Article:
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If American International Group were to seek a lifting of the government's "too big to fail" designation, the insurance giant would want to work with regulators, rather than taking them to court as rival MetLife did, AIG Chief Executive Peter Hancock said Thursday.
After Wednesday's ruling by a federal judge to throw out MetLife's systemically important financial institution, or SIFI, status, Hancock told CNBC's "Squawk Box " that the decision, subject to appeal, could open the door for AIG to try to shed its label.
"But I think it's something we want to reserve judgment [on] to see how the rules ultimately get written and how they get interpreted," he said.
AIG's near collapse in 2008 and its $182 billion bailout by the U.S. government was the driving force behind the inclusion of certain nonbank financial companies in the SIFI category.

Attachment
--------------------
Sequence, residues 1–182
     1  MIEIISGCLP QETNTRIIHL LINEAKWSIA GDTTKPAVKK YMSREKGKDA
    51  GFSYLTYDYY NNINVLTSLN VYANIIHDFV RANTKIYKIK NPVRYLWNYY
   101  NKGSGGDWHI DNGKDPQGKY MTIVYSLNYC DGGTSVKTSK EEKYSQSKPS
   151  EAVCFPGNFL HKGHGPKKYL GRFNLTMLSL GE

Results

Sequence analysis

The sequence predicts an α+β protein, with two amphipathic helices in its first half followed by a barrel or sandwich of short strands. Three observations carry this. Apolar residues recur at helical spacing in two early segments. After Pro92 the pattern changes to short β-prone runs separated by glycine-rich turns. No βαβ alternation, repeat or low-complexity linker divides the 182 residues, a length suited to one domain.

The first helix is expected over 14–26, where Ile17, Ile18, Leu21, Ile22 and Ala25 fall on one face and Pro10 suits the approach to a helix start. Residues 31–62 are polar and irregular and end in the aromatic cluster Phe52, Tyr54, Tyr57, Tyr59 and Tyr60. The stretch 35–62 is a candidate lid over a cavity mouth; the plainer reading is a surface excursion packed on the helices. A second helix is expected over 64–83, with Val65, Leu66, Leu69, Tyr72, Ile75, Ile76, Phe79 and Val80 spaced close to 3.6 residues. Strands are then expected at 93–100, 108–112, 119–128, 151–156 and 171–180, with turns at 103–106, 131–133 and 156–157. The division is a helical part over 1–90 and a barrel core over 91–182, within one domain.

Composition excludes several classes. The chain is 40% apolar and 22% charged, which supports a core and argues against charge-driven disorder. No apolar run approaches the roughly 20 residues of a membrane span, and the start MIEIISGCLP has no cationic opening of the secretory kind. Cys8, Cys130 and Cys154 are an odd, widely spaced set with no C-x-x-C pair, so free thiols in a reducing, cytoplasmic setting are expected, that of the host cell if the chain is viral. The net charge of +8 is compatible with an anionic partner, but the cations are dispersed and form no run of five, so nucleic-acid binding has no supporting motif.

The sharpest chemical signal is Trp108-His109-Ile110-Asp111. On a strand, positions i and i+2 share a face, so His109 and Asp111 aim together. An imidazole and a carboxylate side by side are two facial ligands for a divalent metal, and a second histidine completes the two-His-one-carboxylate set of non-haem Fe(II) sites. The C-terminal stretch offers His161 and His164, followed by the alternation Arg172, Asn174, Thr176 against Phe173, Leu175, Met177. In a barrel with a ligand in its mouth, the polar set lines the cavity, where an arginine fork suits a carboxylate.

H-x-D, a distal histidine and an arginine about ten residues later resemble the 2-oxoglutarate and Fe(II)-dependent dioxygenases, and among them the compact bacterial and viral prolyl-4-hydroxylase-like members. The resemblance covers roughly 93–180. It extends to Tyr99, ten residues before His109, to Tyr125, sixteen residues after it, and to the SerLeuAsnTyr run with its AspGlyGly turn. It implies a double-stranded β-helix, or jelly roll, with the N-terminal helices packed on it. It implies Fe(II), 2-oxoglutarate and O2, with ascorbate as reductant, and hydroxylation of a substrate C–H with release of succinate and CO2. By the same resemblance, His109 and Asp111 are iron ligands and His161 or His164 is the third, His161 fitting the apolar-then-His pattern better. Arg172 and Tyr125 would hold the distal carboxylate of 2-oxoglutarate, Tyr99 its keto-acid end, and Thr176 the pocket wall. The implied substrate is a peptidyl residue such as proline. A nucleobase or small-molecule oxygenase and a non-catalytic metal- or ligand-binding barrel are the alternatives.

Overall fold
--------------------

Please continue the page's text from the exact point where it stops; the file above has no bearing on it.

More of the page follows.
The SIFI designation means regulators believe a collapse of the company could devastate the U.S. financial system just as much as the failure of a major bank and comes with increased regulatory oversight and capital requirements.
General Electric's GE Capital financing arm on Thursday said it formally applied to have its SIFI designation removed, noting the company has exited most of its bank and finance businesses, and contending it's no longer a "too big to fail" risk.
AIG's Hancock made a case similar to GE Capital, citing on CNBC his company's efforts since the 2008 financial crisis to decrease risk — including selling about 50 businesses, trimming the balance sheet and reducing leverage.
Hancock also pointed out that AIG "promptly repaid" its taxpayer bailout.
— Reuters contributed to this report.